Incidentally, the printing press was prophesied in the Bible. Deborah in the book of Judges prophesied that:
"...Zebulon wielding the writers' pen" (Judges 5:14). This means skilled in writing. The word "pen" here in the Hebrew means "branched off stick or scion for punishing," see S'trongs Exhaustive Concordance for writing or fighting, for ruling.
It was especially used in this sense to inscribe, to recount, to number. The word used here is "sepher," which is known in the Bible as the word for a book or a roll.
"It is therefore not out of place to associate it with the means with producing books and printing letters" (Strange Parallel, p.71, Helene Koppejan). History shows that Guttenberg "refined" the printing press, but a Dutch man named Coster of Haarlem (Holland) is considered "by some scholars [as] the first inventor of printing" (Encyclopedia Britannica, vol. 2 and vol. 18, 1961, edition). The tribe of Zebulon is the modern day people of Holland. And they as prophesied invented the printing press.
The Bible in English
John Wycliff lived from 1320 to 1384. He is credited with translating the Bible into the English language. Historians refer to Wycliff as an Oxford scholar, theologian and a churchman. He held the Bible in the highest esteem. Wycliff believed that the Bible was the source of truth and showed the way of salvation. He was one of the earliest leaders in the English revolt against the Roman Catholic Church. He was aware of the abuses and blasphemies committed and approved by the priests of the Middle Ages. He wrote pamphlets speaking out against these abuses.
His followers were called Lollards. This name had been given to the Waldensian people in the Netherlands. *'Lollard" is taken from the English word "lollen" or "lullen" which means to mumble or speak softly. This described the Waldensian practice of memorizing scriptures and then repeating them.
Wycliff was never a part of the true church. He was a Catholic all his life, but he had Waldensian associates. They moved to England at this time.
True Church in England
The Gospel was brought to England just prior to John Wycliffs birth. In 1315, a man known as Waltar Lollard moved from Holland to England with his brother Raymond. Walter was one of the chief Waldesian ministers. The two worked tirelessly together. Others joined their cause.Not since the time of the Apostles had the Gospel been spread through England, Read our Booklet, Where Did the Original Apostles Go?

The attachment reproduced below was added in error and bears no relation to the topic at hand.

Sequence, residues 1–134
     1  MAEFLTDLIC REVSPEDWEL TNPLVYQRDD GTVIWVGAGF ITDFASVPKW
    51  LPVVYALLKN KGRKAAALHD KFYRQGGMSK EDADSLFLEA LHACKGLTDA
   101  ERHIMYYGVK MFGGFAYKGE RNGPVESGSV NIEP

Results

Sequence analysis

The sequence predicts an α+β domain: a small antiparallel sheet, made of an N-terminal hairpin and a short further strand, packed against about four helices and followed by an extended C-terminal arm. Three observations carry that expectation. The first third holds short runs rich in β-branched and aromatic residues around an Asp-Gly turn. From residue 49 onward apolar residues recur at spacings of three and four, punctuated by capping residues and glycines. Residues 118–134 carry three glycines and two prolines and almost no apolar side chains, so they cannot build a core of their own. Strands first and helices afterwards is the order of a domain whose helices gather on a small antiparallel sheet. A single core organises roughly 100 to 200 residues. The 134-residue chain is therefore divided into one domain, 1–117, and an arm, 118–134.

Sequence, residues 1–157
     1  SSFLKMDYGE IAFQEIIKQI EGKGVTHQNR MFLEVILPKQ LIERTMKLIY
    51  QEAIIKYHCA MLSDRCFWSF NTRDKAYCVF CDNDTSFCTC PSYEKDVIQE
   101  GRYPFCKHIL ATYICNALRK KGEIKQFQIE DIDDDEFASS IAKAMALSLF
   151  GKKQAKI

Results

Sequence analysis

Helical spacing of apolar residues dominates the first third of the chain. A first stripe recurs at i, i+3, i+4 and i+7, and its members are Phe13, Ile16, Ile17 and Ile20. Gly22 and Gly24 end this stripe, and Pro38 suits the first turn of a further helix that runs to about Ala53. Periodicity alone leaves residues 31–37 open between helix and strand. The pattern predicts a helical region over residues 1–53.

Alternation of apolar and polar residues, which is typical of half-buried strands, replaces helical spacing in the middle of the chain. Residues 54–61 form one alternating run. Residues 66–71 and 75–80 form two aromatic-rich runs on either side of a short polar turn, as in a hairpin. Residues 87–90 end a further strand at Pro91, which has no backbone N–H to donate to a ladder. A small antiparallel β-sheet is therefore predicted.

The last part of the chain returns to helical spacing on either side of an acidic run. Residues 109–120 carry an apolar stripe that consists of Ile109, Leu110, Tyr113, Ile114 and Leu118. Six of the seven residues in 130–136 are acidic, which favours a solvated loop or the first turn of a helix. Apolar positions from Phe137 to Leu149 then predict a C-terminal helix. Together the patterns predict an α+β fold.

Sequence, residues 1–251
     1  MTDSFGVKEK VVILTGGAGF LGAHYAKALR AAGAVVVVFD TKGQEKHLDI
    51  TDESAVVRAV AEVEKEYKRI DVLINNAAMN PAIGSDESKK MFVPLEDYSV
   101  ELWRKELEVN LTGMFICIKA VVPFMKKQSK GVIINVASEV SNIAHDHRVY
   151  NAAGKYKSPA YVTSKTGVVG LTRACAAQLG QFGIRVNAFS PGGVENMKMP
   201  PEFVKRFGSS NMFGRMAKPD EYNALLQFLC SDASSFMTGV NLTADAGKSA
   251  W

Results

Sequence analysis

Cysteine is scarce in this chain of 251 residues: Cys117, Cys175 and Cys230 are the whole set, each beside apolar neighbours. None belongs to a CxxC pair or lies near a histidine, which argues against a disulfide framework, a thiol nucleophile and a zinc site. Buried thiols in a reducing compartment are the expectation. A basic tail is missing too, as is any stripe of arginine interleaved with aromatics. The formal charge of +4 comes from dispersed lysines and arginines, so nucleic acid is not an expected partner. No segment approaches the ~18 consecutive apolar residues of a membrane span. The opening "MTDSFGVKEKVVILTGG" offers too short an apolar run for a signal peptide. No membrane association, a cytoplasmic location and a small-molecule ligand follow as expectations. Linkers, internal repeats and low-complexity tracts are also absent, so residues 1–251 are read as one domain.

It is evident that Lollard's work had a significant impact on England. In fact, the true Church took deep root awhile. They loosely associated themselves with Wvcliff. Here again is what the Encyclopedia Britannica (11 th edition) says about the Lollards:
"The organization must have been strong in numbers, but only those who were seized for heresy were known by name, and it is only from the indictments of their accusers that their opinions can be gathered. The preachers were picturesque figures in long russet dress down to the heels, who, staff in hand, preached in the mother tongue to the people in churches, and graveyards, in squares, streets, and houses, in garden and pleasure grounds, and then talked privately with those that had been impressed."
Walter Lollard and his brother Raymond preached, and hundreds of people learned for the first time about full immersion into the water for Baptism. They learned of God's true Sabbath and holy Days, and not the Catholics Churches festivals that stem from paganism.
About 1585, almost immediately after the end of her 1260 years in the wilderness, God's church began to revive-this time in England.
In the reign of Elizabeth [1558-1603], many conscientious and "independent thinkers" advocated the Seventh day. Most of them although they saw the truth about the Sabbath, were not really converted heart and mind.
A "great disputation" about the Sabbath arose. Oh yes, they could argue for the Sabbath, but would they fully surrender to the government of God?
Sabbath keepers now commonly came into historical view. Books were published urging the keeping of the Seventh day.
One of those not satisfied with Puritan Sunday observance was a stentorian voiced minister named John Trakse. Trakse also understood the truth concerning unclean meats. He ordained four evangelists about 1616, whose labor resulted in the conversion of many, quotes from Chamber's Encyclopedia, article "Sabbath. "
The Sabbath keepers in the 1600's referred to themselves as the church of God. These people were the result of the work done by Walter and Raymond Lollard. The secular public referred to these people as Sabbatarian Baptists. Only later did a group of Sabbath keepers organize themselves into the congregation called the Seventh-Day Baptists.
By 1668, there were in England nine or ten congregations besides numerous scattered believers in other places. So wrote the Seventh-day minister, Edward Stennett, to Rhode Island members, not yet organized into a local church. Stennett addressed the Rhode Island members as "the remnant in Rhode Island who keep the Commandments of God and the testimonies of Jesus"-see Revelation 12:17 (Cox, Literature of the Sabbath Question, p.267).
It was during this new era of God's church that the people of God began to utilize the printing press.
Books and pamphlets about the Sabbath were circulated widely. There were also many works published expounding other biblical truths.
Now we come to America where God's true church begins to flourish, and the Sabbath comes to New England.